A young man drops out of university and goes to the police. He's done nothing wrong he just wants a job. A particular job. Playing the victim in murder reconstructions. Maybe by getting close to death he can manage to cheat on his own.
After Venya's mother receives a call from school reporting her son's refusal to participate in mixed swimming lessons, she first suspects her teenager of being shy and derides his claim that it is "against his religion." As Venya is finally exempted by the school's devout principal, he grows confident that his strict and rigorous study of the Bible gives him the ability to manipulate all forms of authority. Challenged by a teacher who refuses to consent to his dogma, he sets out to eliminate her and subdue an entire community. At a time when arguments over the teaching of religion in public schools are prominent in the media, this wildly escalating classroom drama - based on a play by German playwright Marius von Mayenburg - serves as a frightening cautionary tale.Written by
Under The Milky Way
The original Russian title "(M)uchenik", with the 'm' in parentheses, is a play on words, a pun, combining the Russian word "muchenik", which means "martyr", with the Russian word "uchenik", which means "student". Because the Russian pun would not be understood, and there is no way to translate it, the simplified title "Uchenik", or "The Student", was used at the Cannes Film Festival 2016. See more »
Making a movie pro or against anything as "The Student" does it, is not hard. Following the examples of the despised propaganda that biased media provide us, the movie depicts just the right circumstances that prove the needed points. I guess the film is in some way intellectually provoking but it's a 2016 film.
Let me elaborate: 1 century ago film-makers and media creators started to put to work the brainwashing power of mass-communication. Today even commercials don't take themselves too seriously; otherwise you don't take the product seriously - we all know ads are just a way to sell something.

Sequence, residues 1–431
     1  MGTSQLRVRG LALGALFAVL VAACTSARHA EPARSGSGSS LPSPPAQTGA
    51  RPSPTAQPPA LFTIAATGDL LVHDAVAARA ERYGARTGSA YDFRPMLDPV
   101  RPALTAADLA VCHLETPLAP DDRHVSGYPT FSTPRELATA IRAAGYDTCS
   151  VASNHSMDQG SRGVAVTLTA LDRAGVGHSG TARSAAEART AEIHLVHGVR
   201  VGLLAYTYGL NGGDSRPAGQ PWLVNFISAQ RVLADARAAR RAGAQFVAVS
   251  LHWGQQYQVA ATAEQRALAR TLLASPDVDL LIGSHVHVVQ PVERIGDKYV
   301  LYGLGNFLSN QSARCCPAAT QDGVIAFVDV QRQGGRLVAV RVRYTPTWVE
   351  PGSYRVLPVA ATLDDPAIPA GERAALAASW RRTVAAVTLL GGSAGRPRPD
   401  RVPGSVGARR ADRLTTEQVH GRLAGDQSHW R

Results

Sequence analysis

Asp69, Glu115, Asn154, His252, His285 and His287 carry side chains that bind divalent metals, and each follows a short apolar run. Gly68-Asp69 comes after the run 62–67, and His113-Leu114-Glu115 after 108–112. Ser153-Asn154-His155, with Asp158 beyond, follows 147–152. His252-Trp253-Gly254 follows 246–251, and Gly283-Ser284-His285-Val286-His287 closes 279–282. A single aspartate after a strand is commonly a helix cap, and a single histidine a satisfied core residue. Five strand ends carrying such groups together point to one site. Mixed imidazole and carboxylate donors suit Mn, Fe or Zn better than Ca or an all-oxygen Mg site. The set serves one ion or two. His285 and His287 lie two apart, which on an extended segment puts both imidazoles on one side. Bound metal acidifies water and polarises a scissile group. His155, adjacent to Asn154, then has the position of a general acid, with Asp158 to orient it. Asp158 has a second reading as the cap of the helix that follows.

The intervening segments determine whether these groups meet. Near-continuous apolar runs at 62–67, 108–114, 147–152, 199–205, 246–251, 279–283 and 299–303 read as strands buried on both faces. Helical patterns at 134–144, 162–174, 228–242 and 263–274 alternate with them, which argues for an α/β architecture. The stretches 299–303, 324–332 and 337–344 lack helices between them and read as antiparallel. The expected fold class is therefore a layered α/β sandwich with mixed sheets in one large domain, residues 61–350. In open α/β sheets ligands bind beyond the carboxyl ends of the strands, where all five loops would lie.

Serebrennikov and von Mayenburg instead take themselves very seriously as if they are contributing to mankind's progress (for sale) or unveiling some great mystery (while they are just giving another shape to ideas and concerns way older than them). They take themselves too seriously for someone who chose not to become a prime minister, an academic or a prophet. They are supposedly entertainers but they don't seem to care about the boring and lengthy script.
Therefore, for the potential audience of the movie (which is very limited and likely made up of people that already agree on most of the points the authors stress), warning! This is mostly an annoying waste of time with very few redeeming moments.
While respecting the fact that someone may still learn something or ask himself some new questions as a "response" to the movie, there is nearly no entertainment; it's just a prosaic, uninspired lesson. Watch Agora (2009) instead.
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